The debate last night did not fill me with joy, as it showed my guy looking like the 82-year-old great-grandfather he is, and showed the convicted-felon other guy looking like the 78-year-old con artist he is. I may come back to this train wreck for democracy later today, but for now, I'd rather focus on why the President's geriatric performance matters less than what the convicted-felon XPOTUS gleefully took credit for.

And who better to demonstrate why a second convicted-felon XPOTUS term would set the country back two generations than the US Supreme Court, which just a few minutes ago handed down its third major decision this week demonstrating how the court's Republican majority does not think the government should prevent easily-preventable harm to innocent people.

In City of Grant Pass v Johnson, Justice Gorsuch (R) wrote the opinion for the usual suspects—Chief Justice Roberts (R) and Justices Alito (R), Kavanaugh (R), Thomas (R), and Barrett (R)—that allows cities to criminalize being homeless.

Yesterday, the same bunch limited the ability of the government to go after people who commit securities fraud (SEC v Jarkesky) and to keep our air clean (Ohio v EPA, also a Gorsuch opinion). Wednesday they said that you can tip public officials for good service (Snyder v US, by Kavanaugh).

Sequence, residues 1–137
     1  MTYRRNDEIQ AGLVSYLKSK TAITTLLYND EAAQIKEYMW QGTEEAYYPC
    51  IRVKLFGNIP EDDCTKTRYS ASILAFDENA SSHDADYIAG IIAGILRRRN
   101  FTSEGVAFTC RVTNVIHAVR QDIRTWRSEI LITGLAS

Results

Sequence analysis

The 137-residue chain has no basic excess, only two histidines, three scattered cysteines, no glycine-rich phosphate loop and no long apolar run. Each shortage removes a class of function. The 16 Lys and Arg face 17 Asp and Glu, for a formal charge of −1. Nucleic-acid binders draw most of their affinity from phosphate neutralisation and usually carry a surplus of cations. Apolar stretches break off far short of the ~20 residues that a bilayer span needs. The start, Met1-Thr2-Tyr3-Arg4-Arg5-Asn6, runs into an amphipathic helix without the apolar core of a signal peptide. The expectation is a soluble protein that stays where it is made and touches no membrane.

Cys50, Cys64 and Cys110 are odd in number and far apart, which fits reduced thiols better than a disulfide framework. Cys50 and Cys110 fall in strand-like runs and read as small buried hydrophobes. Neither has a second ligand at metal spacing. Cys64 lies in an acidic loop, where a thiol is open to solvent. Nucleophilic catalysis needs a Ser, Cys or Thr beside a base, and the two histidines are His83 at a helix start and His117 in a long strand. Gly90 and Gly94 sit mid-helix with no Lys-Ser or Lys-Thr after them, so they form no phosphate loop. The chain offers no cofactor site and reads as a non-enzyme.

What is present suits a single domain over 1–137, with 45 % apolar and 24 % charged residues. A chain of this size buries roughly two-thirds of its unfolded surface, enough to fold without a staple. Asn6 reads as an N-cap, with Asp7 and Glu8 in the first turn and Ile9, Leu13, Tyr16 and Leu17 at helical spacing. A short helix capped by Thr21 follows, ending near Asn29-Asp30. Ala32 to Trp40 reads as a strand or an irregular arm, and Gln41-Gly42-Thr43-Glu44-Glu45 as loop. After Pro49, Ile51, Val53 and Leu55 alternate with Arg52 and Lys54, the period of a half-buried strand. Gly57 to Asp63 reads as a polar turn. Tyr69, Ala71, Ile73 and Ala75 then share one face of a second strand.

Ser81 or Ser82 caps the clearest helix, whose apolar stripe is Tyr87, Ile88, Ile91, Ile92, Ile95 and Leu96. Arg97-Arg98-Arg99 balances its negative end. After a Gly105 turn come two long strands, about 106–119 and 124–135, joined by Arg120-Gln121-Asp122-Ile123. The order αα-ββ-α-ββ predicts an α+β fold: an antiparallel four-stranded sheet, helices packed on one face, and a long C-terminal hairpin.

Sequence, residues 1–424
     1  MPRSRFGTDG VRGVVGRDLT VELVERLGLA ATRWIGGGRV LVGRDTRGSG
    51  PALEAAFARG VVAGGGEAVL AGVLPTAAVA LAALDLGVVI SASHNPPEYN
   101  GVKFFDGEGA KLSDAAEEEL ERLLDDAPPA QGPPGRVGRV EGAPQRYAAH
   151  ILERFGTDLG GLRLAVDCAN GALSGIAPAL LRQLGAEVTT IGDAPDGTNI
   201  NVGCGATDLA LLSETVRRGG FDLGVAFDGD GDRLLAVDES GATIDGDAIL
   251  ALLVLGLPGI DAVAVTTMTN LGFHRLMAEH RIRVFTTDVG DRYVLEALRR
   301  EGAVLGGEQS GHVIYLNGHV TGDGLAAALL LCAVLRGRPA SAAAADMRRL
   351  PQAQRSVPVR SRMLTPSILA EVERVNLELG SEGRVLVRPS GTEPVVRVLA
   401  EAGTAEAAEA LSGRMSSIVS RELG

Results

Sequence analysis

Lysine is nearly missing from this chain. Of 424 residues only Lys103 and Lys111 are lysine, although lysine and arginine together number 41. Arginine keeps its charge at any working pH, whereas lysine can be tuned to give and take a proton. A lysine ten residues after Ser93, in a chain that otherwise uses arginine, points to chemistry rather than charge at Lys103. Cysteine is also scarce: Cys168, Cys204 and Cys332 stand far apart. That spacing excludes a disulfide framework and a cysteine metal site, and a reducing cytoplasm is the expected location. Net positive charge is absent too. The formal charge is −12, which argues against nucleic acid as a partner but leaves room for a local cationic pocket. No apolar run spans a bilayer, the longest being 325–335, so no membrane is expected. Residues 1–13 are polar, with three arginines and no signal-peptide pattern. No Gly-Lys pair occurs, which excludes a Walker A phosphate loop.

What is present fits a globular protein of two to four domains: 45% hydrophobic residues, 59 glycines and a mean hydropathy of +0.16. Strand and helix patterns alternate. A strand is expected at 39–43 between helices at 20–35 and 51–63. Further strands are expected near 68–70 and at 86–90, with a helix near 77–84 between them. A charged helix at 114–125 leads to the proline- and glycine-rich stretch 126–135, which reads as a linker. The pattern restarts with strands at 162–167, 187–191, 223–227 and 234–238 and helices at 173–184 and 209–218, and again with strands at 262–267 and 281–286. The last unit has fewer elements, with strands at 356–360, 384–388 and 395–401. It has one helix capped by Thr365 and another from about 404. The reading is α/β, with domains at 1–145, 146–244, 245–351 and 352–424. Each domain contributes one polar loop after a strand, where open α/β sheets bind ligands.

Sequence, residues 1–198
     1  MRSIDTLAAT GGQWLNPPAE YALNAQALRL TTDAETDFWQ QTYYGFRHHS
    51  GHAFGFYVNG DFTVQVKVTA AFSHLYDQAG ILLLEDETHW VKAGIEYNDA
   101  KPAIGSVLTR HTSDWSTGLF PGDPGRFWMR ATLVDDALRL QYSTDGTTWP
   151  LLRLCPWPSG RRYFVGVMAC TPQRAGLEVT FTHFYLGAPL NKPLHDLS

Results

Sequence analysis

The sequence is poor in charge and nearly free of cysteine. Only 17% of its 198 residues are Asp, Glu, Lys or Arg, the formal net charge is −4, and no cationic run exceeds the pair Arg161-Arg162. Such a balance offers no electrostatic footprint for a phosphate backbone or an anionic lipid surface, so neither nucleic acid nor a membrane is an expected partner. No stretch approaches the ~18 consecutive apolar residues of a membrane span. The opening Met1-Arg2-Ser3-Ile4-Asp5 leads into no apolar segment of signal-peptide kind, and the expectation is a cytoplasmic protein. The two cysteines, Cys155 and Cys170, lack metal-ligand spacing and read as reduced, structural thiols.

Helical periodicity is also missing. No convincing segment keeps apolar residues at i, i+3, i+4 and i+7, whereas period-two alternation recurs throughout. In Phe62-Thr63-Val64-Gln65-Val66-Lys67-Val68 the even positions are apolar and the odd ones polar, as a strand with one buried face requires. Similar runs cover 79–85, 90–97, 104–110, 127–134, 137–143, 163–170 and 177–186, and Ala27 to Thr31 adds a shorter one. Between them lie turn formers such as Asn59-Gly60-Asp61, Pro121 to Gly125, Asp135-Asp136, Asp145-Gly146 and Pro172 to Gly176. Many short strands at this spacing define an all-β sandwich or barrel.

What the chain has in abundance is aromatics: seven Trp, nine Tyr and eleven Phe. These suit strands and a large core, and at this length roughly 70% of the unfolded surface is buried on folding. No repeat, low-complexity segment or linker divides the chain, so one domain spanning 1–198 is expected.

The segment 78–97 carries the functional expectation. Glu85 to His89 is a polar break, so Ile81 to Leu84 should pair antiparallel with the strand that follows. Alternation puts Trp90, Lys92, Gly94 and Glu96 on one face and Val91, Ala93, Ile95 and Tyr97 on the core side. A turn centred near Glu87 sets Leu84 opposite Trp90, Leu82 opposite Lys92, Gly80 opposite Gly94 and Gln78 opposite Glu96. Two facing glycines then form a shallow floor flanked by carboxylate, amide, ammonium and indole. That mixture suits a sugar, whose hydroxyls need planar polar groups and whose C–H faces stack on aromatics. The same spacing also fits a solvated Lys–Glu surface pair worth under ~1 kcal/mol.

And just now, it appears that the radical right has overturned its 1984 Chevron decision. In Loper Bright Enterprises v Raimondo, the Chief Justice says that Federal agencies, who are staffed by experts and people who know what they're doing, can't fill in the gaps that Congress (who generally don't know what they're doing) leaves in legislation. I will have a lot more to say about this development after I read the opinion.

These opinions are huge wins for people who want to cheat, steal, pollute, and punish others they see as inferior. The country this week lurched back into the mid-20th century, with the loony radical fringe salivating that they can bring us back to the mid-18th if the convicted-felon XPOTUS wins in November.

Because for the Justices that the convicted-felon XPOTUS appointed, plus of course the corrupt, Christianist radicals Alito and Thomas, if you lose your house and have to sleep rough after you invested in a fraudulent stock while choking on the air pollution from the unregulated chemical plant just across the state line from you, it's obviously your own fault, you dirty criminal.

So yes, I'm sorry, the President is an old man. But the convicted-felon XPOTUS and his Grand Old Party has caused an enormous amount of damage to the country, and will do so much more damage if put back into power next year.

All the (other) things!